As someone who writes for a living, I have relied on dictation software for a number of years. Dictation software allows me to complete my work more quickly than would otherwise be possible, and it reduces the potential for getting carpal tunnel syndrome. Today, a number of dictation apps are available for the PC. These applications vary widely in terms of price and features. Let’s look at five possible options.

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1: Dragon NaturallySpeaking 13 Premium

Dragon NaturallySpeaking 13 Premium (Figure A) is the speech recognition application I use for my day-to-day work. Dragon has been around for many years, so it’s time to mature. When properly trained, Dragon version 13 makes very few dictation errors.

Figure A

Although Dragon’s accuracy is definitely its biggest selling point, it also includes a number of nice features. For example, it allows you to link multiple sound hardware devices to a user’s profile, so you can switch to a different microphone without creating a brand new profile. Dragon lets you create a backup of your profile, too. This is an important option, because Dragon learns over time and becomes more accurate as you dictate or perform additional training. Without a backup option, a hard disk crash could mean retraining Dragon from the beginning.

Dragon 13 Premium sells for $199.

2: Braina

Braina (Figure B) is significantly different from dictation applications like Dragon. Braina does allow you to dictate to your PC, but dictation is not its core competency. Braina is designed to be a speech-driven, artificial intelligence engine for your PC. You can also type rather than speak. The thing that sets Braina apart from some of the more popular digital assistants is that it can learn from you. The company’s website includes an example in which someone asks Braina the name of the president of the United States. Braina doesn’t know the answer, so the user tells it the answer. The next time the question is asked, Braina remembers the answer. Braina also includes a dictionary/thesaurus, alarms and reminders, a calculator, operating system control, text-to-speech, and the ability to play media upon request.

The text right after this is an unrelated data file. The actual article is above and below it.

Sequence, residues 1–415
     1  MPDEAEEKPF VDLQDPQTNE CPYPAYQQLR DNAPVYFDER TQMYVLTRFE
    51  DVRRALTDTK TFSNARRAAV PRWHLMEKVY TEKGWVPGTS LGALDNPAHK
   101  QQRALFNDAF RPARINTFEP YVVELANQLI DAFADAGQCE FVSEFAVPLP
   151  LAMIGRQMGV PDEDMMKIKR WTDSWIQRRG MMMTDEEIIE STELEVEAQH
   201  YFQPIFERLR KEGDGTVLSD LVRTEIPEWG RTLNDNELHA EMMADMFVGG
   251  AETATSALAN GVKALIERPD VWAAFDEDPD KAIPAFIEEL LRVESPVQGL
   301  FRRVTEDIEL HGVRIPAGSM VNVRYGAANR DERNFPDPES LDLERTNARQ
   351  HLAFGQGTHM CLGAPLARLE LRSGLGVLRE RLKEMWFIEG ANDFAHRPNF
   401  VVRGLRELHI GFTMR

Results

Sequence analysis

Figure B

Braina offers a Lite version of its software for free. The PRO version can be licensed for either $29.00 per year or $59 for three years.

SEE: Five apps for converting text to speech

3: Express Dictate

Express Dictate (Figure C) is designed to allow you to use your PC for dictation, much like a Dictaphone. But unlike Dragon, it doesn’t contain a speech recognition engine. Instead, it allows you to create high quality recordings, which can then be sent to a transcriptionist. The software contains a rich, but easy-to-use recording engine that lets you mark and delete unwanted audio.

Figure C

Once recorded, audio can be saved for later, archived, or sent to a transcriptionist. The software even supports HIPAA-compliant encryption of audio data.

Express Dictate sells for $79.99, but a free 14-day trial version is available for download.

4: SpeakToText

SpeakToText (Figure D) is an older dictation application, but it’s still a viable option because it leverages the Microsoft SAPI API. Microsoft’s speech recognition engine has vastly improved over the last few years. SpeakToText allows you to perform live dictation or to transcribe an audio file. It contains options for configuring speech properties and for training it to recognize new words.

Figure D

SpeakToText uses its own editor for dictation but contains menu options for copying text to Word or to the clipboard. Clipboard text can also be pasted into the editor.

SpeakToText sells for $39.95, but a free trial is available for download.

5: Dictation Pro

Dictation Pro (Figure E) is a lightweight speech dictation application. Unlike Express Dictate, Dictation Pro does include a speech-to-text engine. In addition, it includes an integrated word processor that receives the text that’s been dictated.

Figure E

The voice recognition engine contains options to create and manage voice profiles and to start and stop dictation. The software also contains a voice training function, and you can add words on an as needed basis, but the software is not as advanced as Dragon. The built-in word processor is roughly on par with Microsoft WordPad.

Dictation Pro sells for $29.95, but a free trial version is available for download.

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Your picks

Do you use any old-school dictation apps? Share you experiences and suggestions with fellow TechRepublic members.